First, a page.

Of course there is always the option of a DVD. Why not schedule in an hour or two to put your feet up, get out the popcorn and watch a DVD together. Our Christmas favourites are Muppet Christmas Carol, It’s a Wonderful Life, Miracle on 34th Street and Elf. What’s your favourite? Share with us in the comments below, it might give someone else who’s stuck an idea for their Christmas Eve box.
Remember these? We called them fortune tellers I think. This pack from Flamingo Paperie has 6 sheets, with jokes, forfeits, fortunes and more. Great fun for Christmas Eve and could be used for Christmas Dinner entertainments too. For just a couple of quid it provides lasting fun for all.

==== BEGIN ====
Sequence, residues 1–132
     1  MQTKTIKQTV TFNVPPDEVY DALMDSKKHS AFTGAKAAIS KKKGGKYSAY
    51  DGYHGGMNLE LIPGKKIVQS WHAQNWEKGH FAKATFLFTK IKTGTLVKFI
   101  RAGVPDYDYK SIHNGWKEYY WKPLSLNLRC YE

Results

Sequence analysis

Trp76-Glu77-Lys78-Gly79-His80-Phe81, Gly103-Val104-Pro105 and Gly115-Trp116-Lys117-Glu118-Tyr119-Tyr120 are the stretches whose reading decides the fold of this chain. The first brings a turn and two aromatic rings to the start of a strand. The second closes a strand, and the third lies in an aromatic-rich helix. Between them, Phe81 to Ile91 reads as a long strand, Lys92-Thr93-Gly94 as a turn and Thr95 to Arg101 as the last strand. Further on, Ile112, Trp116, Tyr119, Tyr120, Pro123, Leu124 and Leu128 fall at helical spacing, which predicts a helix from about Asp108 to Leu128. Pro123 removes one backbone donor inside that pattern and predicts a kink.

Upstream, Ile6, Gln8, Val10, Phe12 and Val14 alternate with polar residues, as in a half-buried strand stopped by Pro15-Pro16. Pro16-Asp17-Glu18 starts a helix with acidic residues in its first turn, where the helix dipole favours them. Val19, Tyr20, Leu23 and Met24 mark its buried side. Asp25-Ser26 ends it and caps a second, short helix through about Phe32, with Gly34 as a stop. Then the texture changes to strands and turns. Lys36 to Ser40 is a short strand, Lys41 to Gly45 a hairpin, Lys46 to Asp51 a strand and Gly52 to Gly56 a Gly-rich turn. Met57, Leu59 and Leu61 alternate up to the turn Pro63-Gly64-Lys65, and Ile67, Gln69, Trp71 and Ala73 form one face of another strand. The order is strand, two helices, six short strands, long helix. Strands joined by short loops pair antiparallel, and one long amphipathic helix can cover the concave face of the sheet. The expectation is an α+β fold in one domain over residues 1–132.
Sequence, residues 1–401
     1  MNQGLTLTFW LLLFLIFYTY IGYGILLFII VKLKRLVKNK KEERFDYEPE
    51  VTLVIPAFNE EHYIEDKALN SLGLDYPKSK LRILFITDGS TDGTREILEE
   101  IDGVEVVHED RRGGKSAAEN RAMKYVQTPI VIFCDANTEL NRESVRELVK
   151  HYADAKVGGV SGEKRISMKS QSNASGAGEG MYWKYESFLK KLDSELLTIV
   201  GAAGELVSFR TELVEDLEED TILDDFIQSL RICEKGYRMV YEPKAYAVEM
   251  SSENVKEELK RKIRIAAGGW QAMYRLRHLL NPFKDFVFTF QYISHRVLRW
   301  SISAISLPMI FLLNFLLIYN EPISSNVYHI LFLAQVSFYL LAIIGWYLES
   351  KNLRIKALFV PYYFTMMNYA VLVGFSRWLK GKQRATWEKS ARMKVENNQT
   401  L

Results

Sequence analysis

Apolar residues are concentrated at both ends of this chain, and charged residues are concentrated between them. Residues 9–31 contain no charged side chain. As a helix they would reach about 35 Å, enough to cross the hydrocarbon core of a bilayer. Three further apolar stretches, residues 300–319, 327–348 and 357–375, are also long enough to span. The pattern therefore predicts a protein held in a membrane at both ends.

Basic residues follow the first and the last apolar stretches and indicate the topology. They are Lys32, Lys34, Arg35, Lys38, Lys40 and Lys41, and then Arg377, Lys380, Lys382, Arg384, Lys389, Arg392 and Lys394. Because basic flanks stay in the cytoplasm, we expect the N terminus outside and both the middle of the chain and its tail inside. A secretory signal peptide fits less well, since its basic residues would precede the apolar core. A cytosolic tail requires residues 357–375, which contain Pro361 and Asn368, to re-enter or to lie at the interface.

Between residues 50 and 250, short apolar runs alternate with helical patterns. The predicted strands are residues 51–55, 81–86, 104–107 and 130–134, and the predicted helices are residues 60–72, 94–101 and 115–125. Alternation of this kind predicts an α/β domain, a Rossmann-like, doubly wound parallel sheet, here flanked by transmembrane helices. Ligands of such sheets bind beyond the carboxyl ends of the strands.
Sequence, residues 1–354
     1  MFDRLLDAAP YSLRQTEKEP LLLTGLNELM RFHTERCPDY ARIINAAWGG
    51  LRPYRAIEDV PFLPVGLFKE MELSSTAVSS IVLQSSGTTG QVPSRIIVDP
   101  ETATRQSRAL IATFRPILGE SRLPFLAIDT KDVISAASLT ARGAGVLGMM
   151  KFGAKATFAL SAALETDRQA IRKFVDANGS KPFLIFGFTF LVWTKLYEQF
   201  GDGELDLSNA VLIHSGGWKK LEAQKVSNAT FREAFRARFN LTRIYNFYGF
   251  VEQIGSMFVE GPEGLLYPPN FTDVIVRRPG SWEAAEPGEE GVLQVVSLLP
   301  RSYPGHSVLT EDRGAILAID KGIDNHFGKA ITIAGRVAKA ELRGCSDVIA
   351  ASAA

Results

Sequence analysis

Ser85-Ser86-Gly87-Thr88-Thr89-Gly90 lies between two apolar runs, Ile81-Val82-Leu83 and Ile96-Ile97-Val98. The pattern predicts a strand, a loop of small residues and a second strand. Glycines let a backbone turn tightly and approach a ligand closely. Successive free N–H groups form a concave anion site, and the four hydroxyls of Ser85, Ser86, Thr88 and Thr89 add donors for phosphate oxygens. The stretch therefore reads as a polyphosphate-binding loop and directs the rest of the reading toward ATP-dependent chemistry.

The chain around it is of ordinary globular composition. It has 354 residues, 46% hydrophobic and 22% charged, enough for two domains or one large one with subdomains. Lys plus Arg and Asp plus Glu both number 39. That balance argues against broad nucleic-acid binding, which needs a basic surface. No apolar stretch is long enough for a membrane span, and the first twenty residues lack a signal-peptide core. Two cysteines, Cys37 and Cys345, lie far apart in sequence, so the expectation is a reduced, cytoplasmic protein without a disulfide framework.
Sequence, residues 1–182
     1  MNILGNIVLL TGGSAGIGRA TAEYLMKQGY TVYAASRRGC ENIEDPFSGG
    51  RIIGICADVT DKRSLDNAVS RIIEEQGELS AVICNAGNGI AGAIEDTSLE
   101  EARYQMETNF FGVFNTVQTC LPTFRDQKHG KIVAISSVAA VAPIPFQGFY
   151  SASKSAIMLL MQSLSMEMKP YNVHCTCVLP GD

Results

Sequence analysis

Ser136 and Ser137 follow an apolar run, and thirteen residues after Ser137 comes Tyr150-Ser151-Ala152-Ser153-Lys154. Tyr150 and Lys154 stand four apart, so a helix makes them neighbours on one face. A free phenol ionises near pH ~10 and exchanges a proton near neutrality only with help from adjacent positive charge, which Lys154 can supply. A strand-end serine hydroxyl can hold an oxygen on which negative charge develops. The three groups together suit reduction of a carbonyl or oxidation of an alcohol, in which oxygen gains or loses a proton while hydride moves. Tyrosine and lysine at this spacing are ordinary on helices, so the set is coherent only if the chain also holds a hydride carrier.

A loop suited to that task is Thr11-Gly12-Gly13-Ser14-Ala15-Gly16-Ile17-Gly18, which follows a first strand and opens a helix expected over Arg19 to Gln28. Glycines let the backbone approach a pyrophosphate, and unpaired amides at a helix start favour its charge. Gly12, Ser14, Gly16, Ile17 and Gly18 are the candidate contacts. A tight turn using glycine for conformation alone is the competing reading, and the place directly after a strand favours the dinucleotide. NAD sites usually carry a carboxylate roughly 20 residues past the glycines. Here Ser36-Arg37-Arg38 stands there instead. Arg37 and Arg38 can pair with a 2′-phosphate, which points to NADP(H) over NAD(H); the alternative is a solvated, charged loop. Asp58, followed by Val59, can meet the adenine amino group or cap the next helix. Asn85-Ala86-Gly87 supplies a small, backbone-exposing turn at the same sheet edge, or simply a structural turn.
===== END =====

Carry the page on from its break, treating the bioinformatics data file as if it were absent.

I haven’t tried myself but I did think if you are making your own Christmas crackers that you could include one of these in each cracker if you do some of the initial folding.
You can see a video I did of a Christmas Eve Box full of activities here.
You know Christmas isn’t far away when it’s time to start opening your advent calendar. I remember every advent calendar I had when I was little. They were all traditional advent calendars with 24 little doors to open. Even if I got a new one the next year I would still reuse the old one pushing the doors shut as tightly as I could so I could reopen them again. My children love chocolate but when it comes to advent calendars the delight and wonder of the traditional advent calendar is what they ask for.